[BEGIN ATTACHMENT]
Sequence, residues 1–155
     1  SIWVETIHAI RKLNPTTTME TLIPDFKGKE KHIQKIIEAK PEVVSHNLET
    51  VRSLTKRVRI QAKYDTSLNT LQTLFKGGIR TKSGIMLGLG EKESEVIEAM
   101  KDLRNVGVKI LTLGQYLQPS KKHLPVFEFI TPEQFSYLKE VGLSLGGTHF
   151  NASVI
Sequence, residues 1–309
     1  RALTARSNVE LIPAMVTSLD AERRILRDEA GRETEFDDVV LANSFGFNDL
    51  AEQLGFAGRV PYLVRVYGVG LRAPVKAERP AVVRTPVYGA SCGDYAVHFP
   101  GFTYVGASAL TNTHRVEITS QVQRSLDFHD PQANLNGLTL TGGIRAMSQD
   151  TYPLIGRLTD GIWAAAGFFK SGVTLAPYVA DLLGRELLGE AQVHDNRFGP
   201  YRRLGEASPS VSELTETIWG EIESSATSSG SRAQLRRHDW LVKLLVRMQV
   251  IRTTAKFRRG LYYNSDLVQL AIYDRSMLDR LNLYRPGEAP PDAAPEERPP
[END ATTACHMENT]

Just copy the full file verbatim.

Sequence, residues 1–155
     1  SIWVETIHAI RKLNPTTTME TLIPDFKGKE KHIQKIIEAK PEVVSHNLET
    51  VRSLTKRVRI QAKYDTSLNT LQTLFKGGIR TKSGIMLGLG EKESEVIEAM
   101  KDLRNVGVKI LTLGQYLQPS KKHLPVFEFI TPEQFSYLKE VGLSLGGTHF
   151  NASVI
Sequence, residues 1–309
     1  RALTARSNVE LIPAMVTSLD AERRILRDEA GRETEFDDVV LANSFGFNDL
    51  AEQLGFAGRV PYLVRVYGVG LRAPVKAERP AVVRTPVYGA SCGDYAVHFP
   101  GFTYVGASAL TNTHRVEITS QVQRSLDFHD PQANLNGLTL TGGIRAMSQD
   151  TYPLIGRLTD GIWAAAGFFK SGVTLAPYVA DLLGRELLGE AQVHDNRFGP
   201  YRRLGEASPS VSELTETIWG EIESSATSSG SRAQLRRHDW LVKLLVRMQV
   251  IRTTAKFRRG LYYNSDLVQL AIYDRSMLDR LNLYRPGEAP PDAAPEERPP